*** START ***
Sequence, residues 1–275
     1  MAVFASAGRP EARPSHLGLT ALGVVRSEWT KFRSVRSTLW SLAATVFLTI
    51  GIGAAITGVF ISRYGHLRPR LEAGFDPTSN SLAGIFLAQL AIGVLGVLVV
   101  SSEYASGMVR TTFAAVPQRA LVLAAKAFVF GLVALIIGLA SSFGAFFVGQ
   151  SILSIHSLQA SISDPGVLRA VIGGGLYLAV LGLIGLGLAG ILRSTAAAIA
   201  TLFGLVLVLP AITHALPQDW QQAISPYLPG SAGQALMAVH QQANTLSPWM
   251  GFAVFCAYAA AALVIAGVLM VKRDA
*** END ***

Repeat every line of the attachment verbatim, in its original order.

Sequence, residues 1–275
     1  MAVFASAGRP EARPSHLGLT ALGVVRSEWT KFRSVRSTLW SLAATVFLTI
    51  GIGAAITGVF ISRYGHLRPR LEAGFDPTSN SLAGIFLAQL AIGVLGVLVV
   101  SSEYASGMVR TTFAAVPQRA LVLAAKAFVF GLVALIIGLA SSFGAFFVGQ
   151  SILSIHSLQA SISDPGVLRA VIGGGLYLAV LGLIGLGLAG ILRSTAAAIA
   201  TLFGLVLVLP AITHALPQDW QQAISPYLPG SAGQALMAVH QQANTLSPWM
   251  GFAVFCAYAA AALVIAGVLM VKRDA